A parent trigger “transformation” has significant impact beyond the targeted school. If parents voted to close a school, neighboring schools would be severely affected.
Allowing a hostile takeover of a public asset by individuals is questionable. Consider applying that to a police department or a park.
We praise state Superintendent Tom Torlakson and the Los Angeles Times editorial board for recognizing that theparent trigger is deeply flawed.
We support genuine parent empowerment through the strengthening of School Site Councils, PTAs, PTOs, Title 1 Parent Advisory Councils, and more. We believe that reform strategies must be devised at the school level, to address each school’s specific needs.
If the parent trigger continues, transparency and disclosure must be required. Options must be aired fully and discussed openly, with all parents included – as well as teachers.
The law must fully specify details, including the steps after a petition is delivered.
Paid organizers must publicly identify themselves and disclose their financial backers.
The law must specify what entity oversees the entire process.
School reform must truly empower parents and benefit children. To us, the parent trigger is simply a ploy to channel public money into private hands.
The Los Angeles Weekly on the Compton parent trigger:“Parent Revolution decided to focus on McKinley Elementary School and approach parents there after researching the worst school districts in California. … [Parent Revolution’s paid] field organizers have canvassed a large chunk of the 10-square-mile city of Compton …”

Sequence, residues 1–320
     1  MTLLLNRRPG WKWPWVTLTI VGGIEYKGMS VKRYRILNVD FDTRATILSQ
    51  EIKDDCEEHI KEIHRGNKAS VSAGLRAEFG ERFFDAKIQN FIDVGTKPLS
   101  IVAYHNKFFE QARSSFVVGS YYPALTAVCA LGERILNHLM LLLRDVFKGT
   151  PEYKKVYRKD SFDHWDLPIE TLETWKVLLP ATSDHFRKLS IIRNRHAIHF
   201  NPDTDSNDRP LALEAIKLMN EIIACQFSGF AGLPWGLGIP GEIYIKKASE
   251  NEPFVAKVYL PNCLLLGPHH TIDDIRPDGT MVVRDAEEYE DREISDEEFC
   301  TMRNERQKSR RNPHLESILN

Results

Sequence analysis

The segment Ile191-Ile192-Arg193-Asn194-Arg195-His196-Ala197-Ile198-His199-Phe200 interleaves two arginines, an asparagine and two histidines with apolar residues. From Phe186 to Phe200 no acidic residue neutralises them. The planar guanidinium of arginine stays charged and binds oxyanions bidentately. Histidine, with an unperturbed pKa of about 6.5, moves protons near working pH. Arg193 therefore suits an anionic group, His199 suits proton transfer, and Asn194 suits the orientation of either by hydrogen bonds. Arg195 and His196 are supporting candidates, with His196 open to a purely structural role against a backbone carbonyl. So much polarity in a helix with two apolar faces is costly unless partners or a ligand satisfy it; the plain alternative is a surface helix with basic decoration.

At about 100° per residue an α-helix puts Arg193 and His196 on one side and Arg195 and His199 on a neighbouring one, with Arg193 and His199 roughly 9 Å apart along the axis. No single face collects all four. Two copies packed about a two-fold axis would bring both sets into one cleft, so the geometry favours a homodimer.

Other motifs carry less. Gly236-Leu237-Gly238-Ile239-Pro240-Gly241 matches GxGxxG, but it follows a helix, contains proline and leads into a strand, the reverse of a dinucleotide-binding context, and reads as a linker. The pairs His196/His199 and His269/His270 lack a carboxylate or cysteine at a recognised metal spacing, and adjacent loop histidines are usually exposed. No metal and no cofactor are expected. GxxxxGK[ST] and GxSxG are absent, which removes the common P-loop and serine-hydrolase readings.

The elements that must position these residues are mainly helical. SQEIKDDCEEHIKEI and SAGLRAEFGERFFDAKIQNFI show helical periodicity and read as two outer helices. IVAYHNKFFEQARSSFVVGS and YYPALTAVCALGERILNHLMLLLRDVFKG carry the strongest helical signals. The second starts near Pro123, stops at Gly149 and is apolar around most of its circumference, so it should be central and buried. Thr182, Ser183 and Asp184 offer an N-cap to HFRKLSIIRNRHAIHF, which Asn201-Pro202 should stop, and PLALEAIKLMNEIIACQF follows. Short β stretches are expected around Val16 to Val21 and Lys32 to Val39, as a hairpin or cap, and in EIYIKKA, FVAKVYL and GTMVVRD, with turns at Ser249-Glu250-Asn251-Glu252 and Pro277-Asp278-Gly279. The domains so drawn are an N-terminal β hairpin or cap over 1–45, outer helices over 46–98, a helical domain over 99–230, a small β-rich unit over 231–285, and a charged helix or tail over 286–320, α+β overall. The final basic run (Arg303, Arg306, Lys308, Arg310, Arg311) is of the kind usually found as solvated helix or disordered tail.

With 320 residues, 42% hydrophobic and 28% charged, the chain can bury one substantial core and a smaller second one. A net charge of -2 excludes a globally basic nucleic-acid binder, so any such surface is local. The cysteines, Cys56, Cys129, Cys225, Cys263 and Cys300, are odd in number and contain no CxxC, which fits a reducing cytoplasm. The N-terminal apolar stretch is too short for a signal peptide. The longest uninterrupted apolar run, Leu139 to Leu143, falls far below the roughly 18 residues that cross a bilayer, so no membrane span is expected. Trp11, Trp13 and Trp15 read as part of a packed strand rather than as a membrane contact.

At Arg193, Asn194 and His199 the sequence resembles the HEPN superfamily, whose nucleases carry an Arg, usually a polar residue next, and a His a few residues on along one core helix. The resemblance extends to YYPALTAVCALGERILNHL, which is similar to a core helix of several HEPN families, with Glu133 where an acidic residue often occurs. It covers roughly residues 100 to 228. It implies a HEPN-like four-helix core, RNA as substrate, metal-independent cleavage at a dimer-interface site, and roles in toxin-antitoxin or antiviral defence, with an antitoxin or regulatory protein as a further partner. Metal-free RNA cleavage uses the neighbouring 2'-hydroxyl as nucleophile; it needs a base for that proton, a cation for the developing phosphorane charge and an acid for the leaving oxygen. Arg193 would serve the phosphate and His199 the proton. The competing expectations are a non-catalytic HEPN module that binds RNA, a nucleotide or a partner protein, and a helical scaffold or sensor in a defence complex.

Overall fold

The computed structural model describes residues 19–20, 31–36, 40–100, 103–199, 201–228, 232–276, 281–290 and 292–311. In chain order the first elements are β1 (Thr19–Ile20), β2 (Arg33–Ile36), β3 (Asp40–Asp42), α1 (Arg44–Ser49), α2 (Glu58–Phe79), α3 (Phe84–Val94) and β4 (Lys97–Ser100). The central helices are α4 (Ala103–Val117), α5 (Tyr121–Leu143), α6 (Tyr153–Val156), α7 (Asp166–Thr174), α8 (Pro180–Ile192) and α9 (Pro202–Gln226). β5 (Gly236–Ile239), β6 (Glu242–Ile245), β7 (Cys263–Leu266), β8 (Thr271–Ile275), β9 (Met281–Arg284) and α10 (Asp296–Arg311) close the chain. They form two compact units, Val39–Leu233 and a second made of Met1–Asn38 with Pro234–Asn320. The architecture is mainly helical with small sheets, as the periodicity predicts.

Caroline Grannan, of San Francisco, and Sharon Higgins, of Oakland, have a total of 33 years’ experience between them as urban public school parents, volunteers, and advocates. They are West Coast founding members of Parents Across America, a national organization working to strengthen the parent voice in setting education policy at national, state, and local levels.
State Board of Education President Michael Kirst said Wednesday that the State Board does not plan to ask the Legislature to fix the parent empowerment law known as the parent trigger – to the great relief of the embattled law’s advocates. Instead, the State Board extended emergency regulations implementing the parent trigger and speeded up the timetable for adopting final rules to clarify disputed issues.